Gustav Mahler
Gustav Mahler in 1907

Now that the symphonies of Gustav Mahler are programmed almost as often as those by Beethoven and Brahms, it’s astounding to recall just how new the current veneration of Mahler is in the grand sweep of classical music history. Prior to the Mahler centennial concerts in 1960 — the launching pad for the Mahler boom — the composer’s music was a rarity in the concert hall and sparsely represented on records. The nine completed symphonies and then-extant movements of the unfinished Tenth weren’t all recorded until 1953, with the Sixth and Seventh being the last to enter the catalog that year — and it wouldn’t be until fall 1967 that the first set of all nine under one conductor, Leonard Bernstein, appeared.

These days, though, pre-1960 recordings of Mahler abound, mostly deriving from radio airchecks for which there was no thought of release at the time they were made. They are a fascinating bunch, for they come from an era when there was little or no ongoing performance tradition for Mahler. Conductors were on their own, with just the meticulously marked scores and maybe a few recordings as guides. As a result, a good number of these performances are more volatile and unpredictable — if not as neatly played — compared to the smoother, safer Mahler renditions that are all too common today.

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There are still more of these audio souvenirs in the pipeline, which has just delivered a two-CD compilation of hitherto unreleased performances and interviews titled Mahler Pioneers (SOMM Recordings). The conductors are Hermann Scherchen — a genuine Mahler pioneer — and Walter Goehr, whose Mahler credentials have been virtually forgotten. The interview subjects are Leopold Stokowski — who was in the audience for the triumphant world premiere of Mahler’s Eighth in 1910 under the direction of its composer and led the first American performance in 1916 — and percussionist Alfred Friese, who played under Mahler in the New York Philharmonic.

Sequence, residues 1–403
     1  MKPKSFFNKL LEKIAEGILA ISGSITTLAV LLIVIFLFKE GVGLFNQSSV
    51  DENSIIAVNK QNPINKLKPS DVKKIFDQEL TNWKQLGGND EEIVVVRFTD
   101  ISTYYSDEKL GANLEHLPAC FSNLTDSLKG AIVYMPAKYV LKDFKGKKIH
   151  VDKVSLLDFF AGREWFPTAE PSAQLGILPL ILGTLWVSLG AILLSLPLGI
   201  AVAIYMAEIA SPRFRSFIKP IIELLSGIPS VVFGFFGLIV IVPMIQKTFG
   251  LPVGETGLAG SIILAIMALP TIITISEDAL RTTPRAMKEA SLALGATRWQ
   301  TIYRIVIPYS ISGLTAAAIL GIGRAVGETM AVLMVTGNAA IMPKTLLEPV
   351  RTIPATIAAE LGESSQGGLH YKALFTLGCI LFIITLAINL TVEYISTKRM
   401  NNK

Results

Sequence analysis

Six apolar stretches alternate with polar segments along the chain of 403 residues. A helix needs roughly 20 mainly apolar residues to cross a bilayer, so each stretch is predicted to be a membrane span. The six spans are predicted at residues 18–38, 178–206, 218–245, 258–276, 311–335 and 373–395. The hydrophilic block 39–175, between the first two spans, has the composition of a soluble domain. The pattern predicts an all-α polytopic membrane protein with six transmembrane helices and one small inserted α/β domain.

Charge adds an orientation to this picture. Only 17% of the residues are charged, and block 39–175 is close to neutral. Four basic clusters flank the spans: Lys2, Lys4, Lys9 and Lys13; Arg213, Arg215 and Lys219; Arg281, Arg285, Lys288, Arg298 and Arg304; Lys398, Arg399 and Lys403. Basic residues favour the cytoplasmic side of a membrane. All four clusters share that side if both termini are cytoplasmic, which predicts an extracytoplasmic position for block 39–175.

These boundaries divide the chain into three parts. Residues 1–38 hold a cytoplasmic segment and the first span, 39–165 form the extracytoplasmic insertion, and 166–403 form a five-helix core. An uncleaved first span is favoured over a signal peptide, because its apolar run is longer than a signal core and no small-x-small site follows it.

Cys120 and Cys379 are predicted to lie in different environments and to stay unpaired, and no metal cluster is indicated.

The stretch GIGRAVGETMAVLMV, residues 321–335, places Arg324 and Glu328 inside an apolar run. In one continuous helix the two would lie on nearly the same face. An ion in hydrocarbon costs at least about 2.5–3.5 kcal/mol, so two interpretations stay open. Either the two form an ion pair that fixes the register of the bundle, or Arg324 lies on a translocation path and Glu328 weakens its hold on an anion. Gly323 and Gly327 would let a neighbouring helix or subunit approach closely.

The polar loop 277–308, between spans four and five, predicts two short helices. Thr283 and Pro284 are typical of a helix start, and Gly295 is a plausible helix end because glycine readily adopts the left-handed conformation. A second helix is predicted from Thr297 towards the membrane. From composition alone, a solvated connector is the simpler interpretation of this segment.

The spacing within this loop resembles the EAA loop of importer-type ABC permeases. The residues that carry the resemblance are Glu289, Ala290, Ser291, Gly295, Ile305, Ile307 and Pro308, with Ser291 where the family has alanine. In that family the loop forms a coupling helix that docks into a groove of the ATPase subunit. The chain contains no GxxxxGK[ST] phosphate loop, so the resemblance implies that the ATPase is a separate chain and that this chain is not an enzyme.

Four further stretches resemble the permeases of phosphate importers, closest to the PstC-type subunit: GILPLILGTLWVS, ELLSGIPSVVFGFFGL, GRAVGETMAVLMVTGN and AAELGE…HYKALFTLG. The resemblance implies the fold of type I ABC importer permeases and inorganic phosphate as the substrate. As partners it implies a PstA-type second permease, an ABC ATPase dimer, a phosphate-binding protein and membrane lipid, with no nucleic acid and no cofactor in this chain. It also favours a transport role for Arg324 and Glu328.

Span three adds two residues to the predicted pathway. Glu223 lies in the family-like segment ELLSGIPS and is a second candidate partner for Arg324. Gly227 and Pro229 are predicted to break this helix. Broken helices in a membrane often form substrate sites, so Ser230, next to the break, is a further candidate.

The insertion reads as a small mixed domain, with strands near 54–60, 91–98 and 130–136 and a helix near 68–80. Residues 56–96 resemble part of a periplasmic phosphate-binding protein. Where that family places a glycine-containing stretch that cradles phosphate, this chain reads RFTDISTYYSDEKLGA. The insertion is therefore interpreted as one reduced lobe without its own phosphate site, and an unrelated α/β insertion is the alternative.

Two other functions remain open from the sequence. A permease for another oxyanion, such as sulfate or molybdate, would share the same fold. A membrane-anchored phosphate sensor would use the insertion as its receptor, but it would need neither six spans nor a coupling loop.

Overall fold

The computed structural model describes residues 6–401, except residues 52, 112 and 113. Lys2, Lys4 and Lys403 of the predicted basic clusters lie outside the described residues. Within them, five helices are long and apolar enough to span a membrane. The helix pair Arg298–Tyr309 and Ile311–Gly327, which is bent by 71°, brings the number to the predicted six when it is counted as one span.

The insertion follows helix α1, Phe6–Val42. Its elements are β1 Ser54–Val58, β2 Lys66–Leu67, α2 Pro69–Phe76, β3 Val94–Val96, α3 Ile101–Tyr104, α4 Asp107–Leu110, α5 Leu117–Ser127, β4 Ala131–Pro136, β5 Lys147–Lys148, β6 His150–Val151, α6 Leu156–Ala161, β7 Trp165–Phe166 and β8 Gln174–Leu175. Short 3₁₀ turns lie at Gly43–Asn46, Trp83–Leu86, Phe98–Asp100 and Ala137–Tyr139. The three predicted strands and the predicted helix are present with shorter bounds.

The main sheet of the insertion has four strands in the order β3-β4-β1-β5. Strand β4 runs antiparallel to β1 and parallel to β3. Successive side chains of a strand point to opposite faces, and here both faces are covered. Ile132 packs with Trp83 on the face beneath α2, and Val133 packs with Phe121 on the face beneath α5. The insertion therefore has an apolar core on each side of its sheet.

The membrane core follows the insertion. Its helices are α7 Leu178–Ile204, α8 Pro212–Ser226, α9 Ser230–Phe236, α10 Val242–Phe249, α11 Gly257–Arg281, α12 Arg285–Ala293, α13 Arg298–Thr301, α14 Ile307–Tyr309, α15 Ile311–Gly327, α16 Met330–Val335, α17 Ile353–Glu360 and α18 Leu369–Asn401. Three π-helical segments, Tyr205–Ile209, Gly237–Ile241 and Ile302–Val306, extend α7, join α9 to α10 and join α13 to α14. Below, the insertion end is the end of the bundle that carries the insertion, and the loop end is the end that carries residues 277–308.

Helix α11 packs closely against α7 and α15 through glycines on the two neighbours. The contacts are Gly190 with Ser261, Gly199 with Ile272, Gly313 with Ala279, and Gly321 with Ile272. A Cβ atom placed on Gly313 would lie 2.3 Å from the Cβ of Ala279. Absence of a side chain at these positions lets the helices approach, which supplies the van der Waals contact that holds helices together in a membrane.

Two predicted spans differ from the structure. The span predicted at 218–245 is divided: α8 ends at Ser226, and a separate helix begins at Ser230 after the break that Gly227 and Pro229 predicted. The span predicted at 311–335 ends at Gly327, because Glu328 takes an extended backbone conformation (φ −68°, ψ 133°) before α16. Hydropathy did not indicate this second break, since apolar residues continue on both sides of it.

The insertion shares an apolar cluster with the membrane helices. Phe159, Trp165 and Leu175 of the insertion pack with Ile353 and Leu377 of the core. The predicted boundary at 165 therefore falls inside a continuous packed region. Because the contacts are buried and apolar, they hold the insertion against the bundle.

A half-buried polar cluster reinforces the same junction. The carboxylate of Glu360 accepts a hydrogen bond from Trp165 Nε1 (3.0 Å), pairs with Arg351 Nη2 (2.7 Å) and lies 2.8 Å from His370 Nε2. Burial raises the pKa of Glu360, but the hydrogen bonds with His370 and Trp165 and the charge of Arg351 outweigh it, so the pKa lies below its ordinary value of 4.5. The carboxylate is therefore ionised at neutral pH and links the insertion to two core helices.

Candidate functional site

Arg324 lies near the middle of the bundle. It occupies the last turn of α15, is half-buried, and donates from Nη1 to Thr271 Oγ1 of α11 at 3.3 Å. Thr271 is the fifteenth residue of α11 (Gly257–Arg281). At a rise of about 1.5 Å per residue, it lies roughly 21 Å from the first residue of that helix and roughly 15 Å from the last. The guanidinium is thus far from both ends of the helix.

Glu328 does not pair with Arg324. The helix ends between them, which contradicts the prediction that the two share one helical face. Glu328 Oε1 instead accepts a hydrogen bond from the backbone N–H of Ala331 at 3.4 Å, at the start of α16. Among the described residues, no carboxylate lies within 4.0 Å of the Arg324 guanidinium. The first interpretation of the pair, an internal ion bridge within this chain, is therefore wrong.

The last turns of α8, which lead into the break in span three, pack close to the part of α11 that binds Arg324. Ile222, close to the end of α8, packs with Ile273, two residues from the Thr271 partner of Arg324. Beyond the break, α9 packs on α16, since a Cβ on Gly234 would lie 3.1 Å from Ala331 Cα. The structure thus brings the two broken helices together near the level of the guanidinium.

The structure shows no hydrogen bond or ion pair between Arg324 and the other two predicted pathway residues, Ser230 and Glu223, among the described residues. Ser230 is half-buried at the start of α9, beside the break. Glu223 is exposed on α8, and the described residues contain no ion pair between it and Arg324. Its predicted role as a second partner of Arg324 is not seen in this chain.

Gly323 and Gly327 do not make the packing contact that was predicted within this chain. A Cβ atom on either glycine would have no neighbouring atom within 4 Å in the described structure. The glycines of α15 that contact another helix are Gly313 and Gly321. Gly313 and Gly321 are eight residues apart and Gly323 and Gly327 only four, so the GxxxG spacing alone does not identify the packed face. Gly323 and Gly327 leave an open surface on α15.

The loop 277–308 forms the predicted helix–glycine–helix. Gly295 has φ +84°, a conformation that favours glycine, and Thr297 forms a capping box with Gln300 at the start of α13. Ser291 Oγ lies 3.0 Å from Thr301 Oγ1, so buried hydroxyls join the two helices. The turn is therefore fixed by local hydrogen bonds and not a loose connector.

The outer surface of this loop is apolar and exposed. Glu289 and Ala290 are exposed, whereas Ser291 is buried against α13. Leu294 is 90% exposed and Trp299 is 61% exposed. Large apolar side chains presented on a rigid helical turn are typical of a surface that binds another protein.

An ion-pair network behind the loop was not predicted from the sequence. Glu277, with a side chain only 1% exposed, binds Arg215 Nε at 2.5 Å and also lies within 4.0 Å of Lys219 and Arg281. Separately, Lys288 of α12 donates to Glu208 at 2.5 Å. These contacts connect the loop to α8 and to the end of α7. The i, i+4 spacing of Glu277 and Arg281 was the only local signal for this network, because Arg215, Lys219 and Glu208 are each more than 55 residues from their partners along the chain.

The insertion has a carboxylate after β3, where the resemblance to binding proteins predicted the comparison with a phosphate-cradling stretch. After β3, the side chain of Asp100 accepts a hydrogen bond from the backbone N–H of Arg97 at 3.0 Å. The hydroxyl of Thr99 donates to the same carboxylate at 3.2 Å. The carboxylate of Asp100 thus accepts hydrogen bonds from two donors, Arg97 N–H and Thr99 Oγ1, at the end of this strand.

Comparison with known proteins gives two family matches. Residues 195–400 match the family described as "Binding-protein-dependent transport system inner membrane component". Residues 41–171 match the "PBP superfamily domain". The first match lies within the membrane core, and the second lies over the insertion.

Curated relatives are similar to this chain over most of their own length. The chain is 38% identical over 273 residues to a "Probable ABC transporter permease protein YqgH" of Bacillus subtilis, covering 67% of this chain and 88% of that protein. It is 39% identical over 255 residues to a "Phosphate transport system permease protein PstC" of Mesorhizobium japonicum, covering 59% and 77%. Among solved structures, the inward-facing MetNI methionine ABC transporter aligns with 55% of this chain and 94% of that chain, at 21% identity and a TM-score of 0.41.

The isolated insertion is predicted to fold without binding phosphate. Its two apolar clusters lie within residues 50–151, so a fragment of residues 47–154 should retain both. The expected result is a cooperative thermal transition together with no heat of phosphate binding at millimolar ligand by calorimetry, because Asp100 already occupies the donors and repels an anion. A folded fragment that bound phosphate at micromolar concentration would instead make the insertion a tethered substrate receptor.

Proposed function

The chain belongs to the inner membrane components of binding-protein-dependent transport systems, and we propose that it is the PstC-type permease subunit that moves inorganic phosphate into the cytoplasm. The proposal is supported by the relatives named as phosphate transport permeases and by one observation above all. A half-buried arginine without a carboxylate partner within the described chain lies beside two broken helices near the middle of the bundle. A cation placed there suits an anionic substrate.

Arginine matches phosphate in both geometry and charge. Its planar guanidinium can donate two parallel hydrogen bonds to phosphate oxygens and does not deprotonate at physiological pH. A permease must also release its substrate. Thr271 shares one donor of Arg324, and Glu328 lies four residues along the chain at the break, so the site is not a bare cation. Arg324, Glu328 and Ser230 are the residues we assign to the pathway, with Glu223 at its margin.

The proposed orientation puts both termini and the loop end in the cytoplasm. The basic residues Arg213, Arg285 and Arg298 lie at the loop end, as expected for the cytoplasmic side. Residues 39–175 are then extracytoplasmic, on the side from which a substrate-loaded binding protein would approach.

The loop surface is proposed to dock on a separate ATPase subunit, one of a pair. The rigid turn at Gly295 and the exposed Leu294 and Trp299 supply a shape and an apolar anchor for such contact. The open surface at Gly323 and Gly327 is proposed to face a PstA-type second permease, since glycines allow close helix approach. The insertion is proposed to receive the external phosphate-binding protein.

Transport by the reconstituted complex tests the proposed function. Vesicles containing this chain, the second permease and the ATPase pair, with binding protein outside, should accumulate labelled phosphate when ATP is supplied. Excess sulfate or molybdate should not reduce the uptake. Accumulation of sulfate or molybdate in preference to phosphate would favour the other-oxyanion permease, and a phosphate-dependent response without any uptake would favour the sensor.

Scherchen (1891–1966) was a heroic figure to the hardy core of Mahler buffs in the 1950s, having made provocative recordings of the Symphonies Nos. 1, 2, 5, 7, and 8 and the Adagio from the Tenth for Westminster and Columbia well before everyone with a stick got into the act. A friend of the avant-garde of his time, Scherchen had a probing, experimental bent that extended into the music of the past, and he could be very controversial in his choices of tempos and balances.

Here, SOMM has unearthed a 1948 Scherchen/BBC Symphony performance that now supplants Erich Schmid’s rare 1951 rendition on LP as the earliest recording of the Tenth’s Adagio. Made four years before Scherchen’s commercial recording for Westminster, it is a stark testimony to the conductor’s unpredictability. The 1948 Adagio is much faster than the 1952 one, speeding up where the later performance tends to get slower and slower. It sounds wilder, more impetuous, more dangerous, more in tune with the notion that Mahler was inching toward breaking with tonality entirely, more like the Mahler who may have frightened listeners and musicians in those days.

However, I prefer the massive 1952 rendition for the impact of the movement’s dissonant, crunching, climactic chord, where Scherchen takes his time rolling it over instead of rushing through it as in 1948. Also, the sound quality is not good — opaque, with details smudged, and you can hear the grinding of what sounds like 78 RPM surface noise.